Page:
Fighting for Joy: Part Three

Put into Practice

We are looking at practical instructions the Apostle Paul gave us in Philippians 4 to help us fight for joy during difficult times. In part one of this blog series, we examined the importance of prayer. In part two, we discussed the need to fill our minds with life-giving thoughts.

The third practical suggestion Paul gives for pursuing joy is to put into practice those things God has taught us to do. The Apostle writes, Whatever you have learned or received or heard from me, or seen in me—put it into practice. And the God of peace will be with you” (v. 9). 

Don’t read this verse as a harsh command demanding moral perfection. I am confident the Apostle did not intend these words to be a burden to his readers. This verse is a treasure map that marks the way to a precious secret. What is the secret? The secret is this: We are not slaves to our emotions. We are not imprisoned by feelings beyond our control. There are actual things we can do that lead us to joy.

In his book You Are What You Love: The Spiritual Power of Habit, James K. A. Smith teaches that spiritual transformation never results merely from the acquisition of knowledge. You can read a million Christian books and hear a million Christian sermons and remain basically unchanged. To experience true character formation, you need to change what you love. You need to fall in love with the things of God.

But how do you do this? Smith contends that we can change our hearts through our habits. Through engaging in regular routines (like the practice of daily Bible-reading or the ritual of weekly worship) we slowly train our hearts to love those things that bring us joy. Smith writes, “The orientation of the heart happens from the bottom up, through the formation of our habits of desire. Learning to love (God) takes practice.”

How many times have you experienced something like the following? You wake up on a Sunday morning feeling grumpy and tired. More than anything else you want to eat pancakes and go back to bed. But, over the years, it has become your weekly habit to gather with other Christians for Lord’s Day worship. So, almost without thinking, you get up, get dressed, and make your way to church. The hymns are not necessarily your favorites. The sermon is passable, but not great. The words inviting you to the Lord’s Table are the same words you hear every week. But, after engaging in the routine of worshiping God with other believers, as you walk home from church you feel a small glimmer of joy.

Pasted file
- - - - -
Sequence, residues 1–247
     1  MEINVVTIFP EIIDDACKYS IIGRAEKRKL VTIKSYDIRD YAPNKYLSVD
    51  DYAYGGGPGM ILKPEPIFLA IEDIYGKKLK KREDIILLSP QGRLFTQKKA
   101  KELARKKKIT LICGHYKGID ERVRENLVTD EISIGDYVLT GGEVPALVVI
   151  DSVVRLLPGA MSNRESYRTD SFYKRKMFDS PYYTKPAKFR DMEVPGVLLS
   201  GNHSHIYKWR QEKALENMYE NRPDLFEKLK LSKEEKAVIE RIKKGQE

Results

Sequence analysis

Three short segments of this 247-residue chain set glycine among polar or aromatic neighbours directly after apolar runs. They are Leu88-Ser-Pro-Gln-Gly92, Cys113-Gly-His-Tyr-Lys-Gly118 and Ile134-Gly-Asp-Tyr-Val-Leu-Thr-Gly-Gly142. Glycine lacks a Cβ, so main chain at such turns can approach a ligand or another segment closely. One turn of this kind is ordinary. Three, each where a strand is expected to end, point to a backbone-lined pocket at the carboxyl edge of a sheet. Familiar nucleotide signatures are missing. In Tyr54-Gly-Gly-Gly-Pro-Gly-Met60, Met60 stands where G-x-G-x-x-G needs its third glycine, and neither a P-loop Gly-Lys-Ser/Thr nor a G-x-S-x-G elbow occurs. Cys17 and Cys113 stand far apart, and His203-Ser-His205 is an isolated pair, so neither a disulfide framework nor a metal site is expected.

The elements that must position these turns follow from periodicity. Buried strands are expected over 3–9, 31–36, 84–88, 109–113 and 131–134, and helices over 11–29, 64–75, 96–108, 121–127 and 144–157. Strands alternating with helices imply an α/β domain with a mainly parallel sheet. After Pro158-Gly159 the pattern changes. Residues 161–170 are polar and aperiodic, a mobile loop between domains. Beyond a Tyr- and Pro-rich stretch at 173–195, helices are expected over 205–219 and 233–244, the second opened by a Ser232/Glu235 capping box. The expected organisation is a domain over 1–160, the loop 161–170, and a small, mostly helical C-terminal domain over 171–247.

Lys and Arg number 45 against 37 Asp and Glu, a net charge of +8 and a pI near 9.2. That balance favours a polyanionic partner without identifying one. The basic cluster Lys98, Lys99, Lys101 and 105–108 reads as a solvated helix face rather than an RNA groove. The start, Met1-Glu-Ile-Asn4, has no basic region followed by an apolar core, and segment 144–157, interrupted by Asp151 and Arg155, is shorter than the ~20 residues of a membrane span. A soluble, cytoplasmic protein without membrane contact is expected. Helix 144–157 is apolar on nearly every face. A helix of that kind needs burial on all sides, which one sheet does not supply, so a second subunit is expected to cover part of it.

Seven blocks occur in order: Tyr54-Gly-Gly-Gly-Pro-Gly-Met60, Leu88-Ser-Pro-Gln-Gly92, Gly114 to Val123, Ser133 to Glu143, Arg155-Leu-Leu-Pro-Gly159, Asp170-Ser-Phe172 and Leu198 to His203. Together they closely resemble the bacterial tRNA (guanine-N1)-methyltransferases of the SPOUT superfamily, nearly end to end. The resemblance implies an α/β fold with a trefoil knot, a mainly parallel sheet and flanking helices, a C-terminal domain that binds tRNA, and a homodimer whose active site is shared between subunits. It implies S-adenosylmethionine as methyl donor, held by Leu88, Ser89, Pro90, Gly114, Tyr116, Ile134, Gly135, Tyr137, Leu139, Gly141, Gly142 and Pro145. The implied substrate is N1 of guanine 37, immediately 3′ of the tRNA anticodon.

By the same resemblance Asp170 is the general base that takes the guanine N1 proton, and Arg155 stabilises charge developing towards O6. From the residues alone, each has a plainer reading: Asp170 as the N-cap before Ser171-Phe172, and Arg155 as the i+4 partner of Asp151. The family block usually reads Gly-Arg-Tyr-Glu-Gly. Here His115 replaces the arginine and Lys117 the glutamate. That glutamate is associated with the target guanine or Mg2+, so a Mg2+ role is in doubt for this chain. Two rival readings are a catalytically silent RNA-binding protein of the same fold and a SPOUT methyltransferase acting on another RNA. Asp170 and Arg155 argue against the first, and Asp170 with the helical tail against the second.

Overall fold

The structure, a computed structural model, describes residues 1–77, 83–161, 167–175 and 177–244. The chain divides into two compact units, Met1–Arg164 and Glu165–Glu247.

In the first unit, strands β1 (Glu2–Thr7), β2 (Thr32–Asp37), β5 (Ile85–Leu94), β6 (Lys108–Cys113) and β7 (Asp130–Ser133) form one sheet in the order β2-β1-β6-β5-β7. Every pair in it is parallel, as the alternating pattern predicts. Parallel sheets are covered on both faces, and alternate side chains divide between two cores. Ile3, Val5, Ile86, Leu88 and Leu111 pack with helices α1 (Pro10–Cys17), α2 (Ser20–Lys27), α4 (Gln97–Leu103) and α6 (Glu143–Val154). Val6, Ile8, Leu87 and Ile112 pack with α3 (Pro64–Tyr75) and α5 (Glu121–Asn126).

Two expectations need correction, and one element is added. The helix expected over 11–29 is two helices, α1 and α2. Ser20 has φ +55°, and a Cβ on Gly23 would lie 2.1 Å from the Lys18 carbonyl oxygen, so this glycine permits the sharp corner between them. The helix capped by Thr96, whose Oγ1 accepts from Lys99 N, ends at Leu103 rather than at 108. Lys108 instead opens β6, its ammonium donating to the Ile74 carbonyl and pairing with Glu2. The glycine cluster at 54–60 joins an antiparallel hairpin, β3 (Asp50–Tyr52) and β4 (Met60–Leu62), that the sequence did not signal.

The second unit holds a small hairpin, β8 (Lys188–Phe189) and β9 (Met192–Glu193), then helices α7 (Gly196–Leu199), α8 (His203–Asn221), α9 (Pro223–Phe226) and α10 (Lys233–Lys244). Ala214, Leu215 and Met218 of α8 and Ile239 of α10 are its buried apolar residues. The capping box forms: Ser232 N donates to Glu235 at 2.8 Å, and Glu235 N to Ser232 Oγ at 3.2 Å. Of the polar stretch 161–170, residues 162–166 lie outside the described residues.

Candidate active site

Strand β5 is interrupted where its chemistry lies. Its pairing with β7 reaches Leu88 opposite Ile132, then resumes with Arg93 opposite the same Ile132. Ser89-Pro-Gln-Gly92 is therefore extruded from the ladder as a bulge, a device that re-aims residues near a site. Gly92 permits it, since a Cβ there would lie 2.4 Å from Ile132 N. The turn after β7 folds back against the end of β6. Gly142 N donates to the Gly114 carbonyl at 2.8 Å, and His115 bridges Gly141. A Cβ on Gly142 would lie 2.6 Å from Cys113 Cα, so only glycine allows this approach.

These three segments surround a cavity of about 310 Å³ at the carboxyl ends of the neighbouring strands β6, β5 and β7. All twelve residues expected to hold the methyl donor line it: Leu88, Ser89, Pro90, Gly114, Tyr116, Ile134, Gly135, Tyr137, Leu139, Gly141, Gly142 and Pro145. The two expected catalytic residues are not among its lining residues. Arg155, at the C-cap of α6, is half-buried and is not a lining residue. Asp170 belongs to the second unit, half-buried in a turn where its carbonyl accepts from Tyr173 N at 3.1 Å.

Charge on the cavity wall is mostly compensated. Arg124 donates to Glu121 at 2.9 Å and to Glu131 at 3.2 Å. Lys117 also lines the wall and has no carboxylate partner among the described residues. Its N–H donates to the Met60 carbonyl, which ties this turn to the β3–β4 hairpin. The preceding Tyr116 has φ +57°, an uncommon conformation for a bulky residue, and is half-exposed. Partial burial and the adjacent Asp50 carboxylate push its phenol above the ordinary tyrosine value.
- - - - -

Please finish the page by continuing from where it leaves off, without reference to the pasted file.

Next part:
Isn’t that amazing? You changed your feelings through something you chose to do.

I’ve experienced this after finishing my monthly volunteer shift at the food pantry. I’ve experienced it after visiting a shut-in member of our church. I’ve experienced it when I’ve turned off the TV and gone for an evening walk in the park. I entered these activities reluctantly, secretly wishing I could do something else, and I finished my time with a heart filled with joy. Habits can shape the heart, and the heart is the doorway to joy.

In John 13:17, Jesus said, “Now that you know these things, you will be blessed if you do them.” The word translated “blessed” is the Greek word for “happy”. If we put into practice the simple (and sometimes mundane) things Christ has taught us to do, we will be making a choice that leads us to joy.

So how do we fight for joy in difficult times? We seek the Lord in prayer. We fill our minds with life-giving thoughts. We engage in regular practices that connect us with God. We pray. We think. We do. And amazingly, as we take these steps, God graciously gives us joy.